I think you’re going to be surprised by this: I can make a serious case for just throwing up your hands and formally giving up on following through.
OK, let me explain.
I know from my experience as a clinical psychologist that people who carry around lots of failed intentions tend to be quite miserable. And I’m convinced that the better we are at acting in accord with our own good intentions, the more personal satisfaction we’ll likely to enjoy.
That’s why it makes logical sense to become as good as you possibly can at doing whatever you intend to do. And that’s exactly why we created the Power to Follow Through.
The promise to end all promises
But at least in theory, there’s another way to prevent poor follow through from wreaking havoc on your personal satisfaction. You could prevent poor follow through entirely by giving up on adopting intentions in the first place!
That’s right, you could just make and keep one last promise that would get you off the hook forever: “I promise not to make any more promises to myself. Ever!”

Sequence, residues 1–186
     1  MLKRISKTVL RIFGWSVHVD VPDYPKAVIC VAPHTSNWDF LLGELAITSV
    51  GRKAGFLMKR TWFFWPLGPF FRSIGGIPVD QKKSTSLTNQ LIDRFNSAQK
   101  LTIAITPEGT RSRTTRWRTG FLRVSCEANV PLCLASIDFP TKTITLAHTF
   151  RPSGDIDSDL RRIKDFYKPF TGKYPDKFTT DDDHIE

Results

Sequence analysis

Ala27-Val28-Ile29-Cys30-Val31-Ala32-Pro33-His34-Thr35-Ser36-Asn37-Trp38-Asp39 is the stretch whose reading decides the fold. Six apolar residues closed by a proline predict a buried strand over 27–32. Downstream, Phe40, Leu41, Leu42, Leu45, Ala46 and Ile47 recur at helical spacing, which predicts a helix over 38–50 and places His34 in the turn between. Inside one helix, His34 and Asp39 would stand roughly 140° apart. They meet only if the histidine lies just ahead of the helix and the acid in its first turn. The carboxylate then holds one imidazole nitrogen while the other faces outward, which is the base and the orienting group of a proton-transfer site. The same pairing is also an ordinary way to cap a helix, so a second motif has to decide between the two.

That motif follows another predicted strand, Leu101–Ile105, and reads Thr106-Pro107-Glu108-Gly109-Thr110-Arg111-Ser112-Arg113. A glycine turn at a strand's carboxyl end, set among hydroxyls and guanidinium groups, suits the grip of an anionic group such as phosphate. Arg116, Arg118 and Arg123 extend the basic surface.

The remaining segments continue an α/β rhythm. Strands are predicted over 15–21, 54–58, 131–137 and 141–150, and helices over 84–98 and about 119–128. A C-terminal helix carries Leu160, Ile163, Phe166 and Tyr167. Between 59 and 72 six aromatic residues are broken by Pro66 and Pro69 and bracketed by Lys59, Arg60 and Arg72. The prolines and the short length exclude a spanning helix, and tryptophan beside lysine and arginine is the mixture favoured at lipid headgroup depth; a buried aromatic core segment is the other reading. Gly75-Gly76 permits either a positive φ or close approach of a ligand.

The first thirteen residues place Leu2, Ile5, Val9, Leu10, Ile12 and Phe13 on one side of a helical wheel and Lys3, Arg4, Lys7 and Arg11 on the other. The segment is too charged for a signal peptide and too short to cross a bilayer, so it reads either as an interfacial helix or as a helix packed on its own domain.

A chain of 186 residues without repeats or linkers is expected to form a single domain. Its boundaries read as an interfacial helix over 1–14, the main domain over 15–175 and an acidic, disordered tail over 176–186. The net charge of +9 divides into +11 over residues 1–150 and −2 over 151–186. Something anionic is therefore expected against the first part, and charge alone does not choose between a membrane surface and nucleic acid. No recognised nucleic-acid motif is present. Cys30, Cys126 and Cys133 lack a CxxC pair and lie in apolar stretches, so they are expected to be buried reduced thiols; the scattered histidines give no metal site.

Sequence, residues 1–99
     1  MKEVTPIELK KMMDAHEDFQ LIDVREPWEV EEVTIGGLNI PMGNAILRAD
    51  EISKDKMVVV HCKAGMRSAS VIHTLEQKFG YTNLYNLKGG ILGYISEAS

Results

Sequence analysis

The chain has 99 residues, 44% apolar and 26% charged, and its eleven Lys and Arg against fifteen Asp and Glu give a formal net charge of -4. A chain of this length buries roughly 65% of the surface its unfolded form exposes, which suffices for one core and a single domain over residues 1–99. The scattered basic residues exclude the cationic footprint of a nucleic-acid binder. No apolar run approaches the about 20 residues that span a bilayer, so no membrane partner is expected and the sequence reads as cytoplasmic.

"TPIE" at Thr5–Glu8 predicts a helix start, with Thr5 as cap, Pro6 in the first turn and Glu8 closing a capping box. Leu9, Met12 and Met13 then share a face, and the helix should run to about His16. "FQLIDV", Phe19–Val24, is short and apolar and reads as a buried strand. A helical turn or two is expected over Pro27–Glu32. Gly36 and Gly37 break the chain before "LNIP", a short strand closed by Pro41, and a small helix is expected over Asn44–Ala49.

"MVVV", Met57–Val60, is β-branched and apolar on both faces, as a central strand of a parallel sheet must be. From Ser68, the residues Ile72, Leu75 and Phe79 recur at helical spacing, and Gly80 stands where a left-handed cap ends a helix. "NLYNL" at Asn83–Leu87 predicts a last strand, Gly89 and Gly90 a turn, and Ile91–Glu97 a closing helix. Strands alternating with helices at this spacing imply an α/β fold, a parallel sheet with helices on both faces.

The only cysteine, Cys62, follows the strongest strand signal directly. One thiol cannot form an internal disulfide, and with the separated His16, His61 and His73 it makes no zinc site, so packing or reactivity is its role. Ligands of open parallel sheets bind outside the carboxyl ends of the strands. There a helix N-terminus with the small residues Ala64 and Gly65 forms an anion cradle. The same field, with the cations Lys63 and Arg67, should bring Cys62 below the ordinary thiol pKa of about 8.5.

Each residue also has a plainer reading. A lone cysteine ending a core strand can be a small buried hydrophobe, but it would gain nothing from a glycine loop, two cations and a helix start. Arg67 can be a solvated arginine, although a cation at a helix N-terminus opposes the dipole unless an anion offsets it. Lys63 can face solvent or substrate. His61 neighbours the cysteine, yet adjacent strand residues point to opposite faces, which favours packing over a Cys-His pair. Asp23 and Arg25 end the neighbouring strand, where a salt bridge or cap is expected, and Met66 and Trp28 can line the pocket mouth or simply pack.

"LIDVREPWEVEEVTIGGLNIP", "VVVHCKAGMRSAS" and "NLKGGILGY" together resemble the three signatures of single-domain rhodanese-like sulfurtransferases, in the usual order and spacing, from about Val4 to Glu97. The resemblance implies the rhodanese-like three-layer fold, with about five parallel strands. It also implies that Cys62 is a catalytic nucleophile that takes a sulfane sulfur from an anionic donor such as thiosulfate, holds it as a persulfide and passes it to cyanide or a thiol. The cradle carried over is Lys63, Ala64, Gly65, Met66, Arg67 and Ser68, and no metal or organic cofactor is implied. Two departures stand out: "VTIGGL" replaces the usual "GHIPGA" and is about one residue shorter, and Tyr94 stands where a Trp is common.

So, if your follow through batting average is decidedly poor and you’re truly unwilling or unable to get better at following through, I would argue that formally waving the white flag is an altogether defensible way of keeping your personal satisfaction out of the gutter.
Of course, it’s probably even hard to imagine what life would be like if you were to suddenly stop intending and instead just let your behavior rip, that is, if you were to just do whatever you feel like doing whenever you feel like doing it. For sure, life without intentions would be mighty chaotic. But there’d be no more of that pesky discrepancy between what you intend to do and what you actually do. Yes, poor follow through would finally become a thing of the past.
Am I serious?
If you’re wondering if I’m really serious about this, the answer is “No, of course not!” I was just hoping that imagining giving up on following through might re-energize your commitment to do better at it.
You can’t blame a guy for trying, right?